Religion is a term that refers to human beings’ relationship with something sacred, holy, absolute, spiritual, divine, or worthy of especial reverence. It also refers to the way people deal with ultimate concerns about their lives and their fate after death. In many traditions, this relation and these concerns are expressed in terms of one’s relationship with or attitudes toward gods or spirits; in more humanistic or naturalistic forms of religion, they are expressed in terms of one’s relationship to the broader human community or the natural world.
The concept of religion is often a complex and interdisciplinary topic that involves multiple approaches, including textual, historical, linguistic, philosophical and sociological tools. It is a social phenomenon that shapes and influences individual behaviour, society and culture as a whole.
In social studies of religion, the term is used to describe a range of beliefs, practices and cultural institutions centred on social needs and values. Religious beliefs and practices are generally based on morality and can provide a sense of meaning, purpose, and stability during times of tragedy or difficulty.
A common approach to the study of religion is the functional approach, which views religion as a cohesive force that binds individuals together into a societal unit and offers strength during life’s difficult transitions. Sociologist Emile Durkheim is usually credited with this approach and was the first sociologist to analyze the impact of religion on society.
Among the most important functions of religion is to help people cope with the difficulties that are part and parcel of living in a world where there is no guarantee of a tomorrow. These difficulties include death, disaster and other tragic events. These experiences can cause stress and anxiety, which are often felt by those who have strong religious beliefs or values.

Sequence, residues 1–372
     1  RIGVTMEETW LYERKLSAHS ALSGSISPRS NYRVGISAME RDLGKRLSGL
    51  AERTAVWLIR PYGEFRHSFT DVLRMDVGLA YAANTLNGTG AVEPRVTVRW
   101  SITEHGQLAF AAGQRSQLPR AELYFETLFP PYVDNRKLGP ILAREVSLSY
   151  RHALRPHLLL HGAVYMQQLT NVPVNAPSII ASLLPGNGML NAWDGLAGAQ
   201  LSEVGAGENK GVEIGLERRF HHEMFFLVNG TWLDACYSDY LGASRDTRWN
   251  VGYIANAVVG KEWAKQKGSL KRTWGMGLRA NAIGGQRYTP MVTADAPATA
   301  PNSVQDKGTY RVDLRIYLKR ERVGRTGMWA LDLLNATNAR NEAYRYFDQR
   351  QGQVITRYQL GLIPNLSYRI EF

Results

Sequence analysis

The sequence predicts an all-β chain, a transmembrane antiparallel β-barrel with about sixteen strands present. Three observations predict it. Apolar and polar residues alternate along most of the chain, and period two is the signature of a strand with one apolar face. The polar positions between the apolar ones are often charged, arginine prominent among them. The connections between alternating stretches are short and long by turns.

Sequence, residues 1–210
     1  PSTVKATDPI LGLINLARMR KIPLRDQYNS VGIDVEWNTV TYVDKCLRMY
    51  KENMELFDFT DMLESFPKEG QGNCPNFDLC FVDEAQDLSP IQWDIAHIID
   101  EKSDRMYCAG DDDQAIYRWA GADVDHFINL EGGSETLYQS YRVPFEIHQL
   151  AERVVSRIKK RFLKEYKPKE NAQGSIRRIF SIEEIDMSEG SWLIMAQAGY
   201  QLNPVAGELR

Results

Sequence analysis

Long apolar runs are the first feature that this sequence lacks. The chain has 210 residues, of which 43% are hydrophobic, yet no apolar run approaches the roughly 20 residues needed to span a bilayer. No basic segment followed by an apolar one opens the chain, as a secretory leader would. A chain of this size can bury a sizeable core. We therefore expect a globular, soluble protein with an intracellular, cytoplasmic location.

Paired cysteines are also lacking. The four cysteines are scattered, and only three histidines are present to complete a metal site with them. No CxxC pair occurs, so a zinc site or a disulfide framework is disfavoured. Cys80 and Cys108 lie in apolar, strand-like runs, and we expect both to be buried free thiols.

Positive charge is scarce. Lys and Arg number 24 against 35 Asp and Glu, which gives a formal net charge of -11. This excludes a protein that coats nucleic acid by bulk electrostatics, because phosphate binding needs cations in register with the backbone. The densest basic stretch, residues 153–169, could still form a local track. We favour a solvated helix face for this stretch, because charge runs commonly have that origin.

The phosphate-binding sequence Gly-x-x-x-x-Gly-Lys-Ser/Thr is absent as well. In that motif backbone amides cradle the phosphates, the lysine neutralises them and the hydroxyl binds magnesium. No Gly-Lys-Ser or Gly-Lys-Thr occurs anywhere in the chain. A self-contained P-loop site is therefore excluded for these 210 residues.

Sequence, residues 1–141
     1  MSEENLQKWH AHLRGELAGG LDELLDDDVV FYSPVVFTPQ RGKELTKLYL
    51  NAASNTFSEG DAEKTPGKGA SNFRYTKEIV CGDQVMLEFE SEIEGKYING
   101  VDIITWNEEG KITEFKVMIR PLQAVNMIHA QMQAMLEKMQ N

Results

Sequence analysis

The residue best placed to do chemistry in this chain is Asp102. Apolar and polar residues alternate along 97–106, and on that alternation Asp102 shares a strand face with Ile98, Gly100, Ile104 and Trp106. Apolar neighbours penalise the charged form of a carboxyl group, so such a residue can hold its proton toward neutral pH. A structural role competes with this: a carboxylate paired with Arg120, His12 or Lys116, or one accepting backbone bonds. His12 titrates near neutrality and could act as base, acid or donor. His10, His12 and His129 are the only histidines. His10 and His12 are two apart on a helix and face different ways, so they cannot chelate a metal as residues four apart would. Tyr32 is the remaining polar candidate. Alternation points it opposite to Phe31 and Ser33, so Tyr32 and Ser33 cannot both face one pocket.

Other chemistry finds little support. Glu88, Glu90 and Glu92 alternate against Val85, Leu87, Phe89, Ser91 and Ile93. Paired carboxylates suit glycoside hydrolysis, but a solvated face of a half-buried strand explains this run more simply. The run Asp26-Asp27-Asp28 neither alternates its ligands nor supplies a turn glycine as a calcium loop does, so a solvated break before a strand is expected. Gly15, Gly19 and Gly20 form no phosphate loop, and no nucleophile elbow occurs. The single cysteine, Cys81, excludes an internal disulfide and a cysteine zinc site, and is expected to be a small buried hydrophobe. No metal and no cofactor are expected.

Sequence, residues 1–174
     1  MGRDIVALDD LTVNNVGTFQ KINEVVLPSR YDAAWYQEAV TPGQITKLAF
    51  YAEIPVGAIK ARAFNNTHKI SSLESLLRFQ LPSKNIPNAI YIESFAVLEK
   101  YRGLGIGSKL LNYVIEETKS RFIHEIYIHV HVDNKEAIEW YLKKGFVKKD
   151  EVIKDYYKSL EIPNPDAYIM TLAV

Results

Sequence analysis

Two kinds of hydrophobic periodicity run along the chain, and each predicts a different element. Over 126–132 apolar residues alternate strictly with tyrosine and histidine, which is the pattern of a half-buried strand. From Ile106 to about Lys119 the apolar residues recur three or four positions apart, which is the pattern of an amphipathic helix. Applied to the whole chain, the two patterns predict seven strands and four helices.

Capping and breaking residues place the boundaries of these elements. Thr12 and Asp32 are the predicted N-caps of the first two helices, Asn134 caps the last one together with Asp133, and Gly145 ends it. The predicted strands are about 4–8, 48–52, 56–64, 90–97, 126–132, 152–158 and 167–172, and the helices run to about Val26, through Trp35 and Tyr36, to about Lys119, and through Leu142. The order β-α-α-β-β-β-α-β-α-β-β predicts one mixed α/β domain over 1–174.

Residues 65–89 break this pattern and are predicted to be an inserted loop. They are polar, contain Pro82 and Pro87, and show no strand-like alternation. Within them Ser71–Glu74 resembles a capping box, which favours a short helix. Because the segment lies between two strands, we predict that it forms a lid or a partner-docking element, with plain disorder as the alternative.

Other functions of religion may include social cohesion, social control and social justice. These functions are important because they help to ensure that members of a society maintain social stability.
Another useful conceptualization of religion is the genus and species conception (see genus and species). This theory treats all of the phenomena of humankind as belonging to the same category and requires that all of them share a certain defining property.
This defining property is commonly taken to be intensity and comprehensiveness. It is a feature that makes religion unique and distinguishes it from other methods of valuing. It is a feature that is characteristic of the way religion works in the world and helps to explain how it operates.
As a genus, religion is the most intensive and comprehensive method of valuing that we experience in our lives. In a genus species understanding, the most effective way of explaining and interpreting this phenomenon is to recognize it as being the most intense and comprehensive form of valuation that humankind has developed.
Using a genus species understanding to define religion requires careful analysis and synthesis of the various features that distinguish it from other forms of valuation. This process must take into account the fact that religious traditions often employ metaphysics and axiology to make prescriptions for life, so any theoretical explanation of religion must also pay attention to those accounts of the nature of the universe.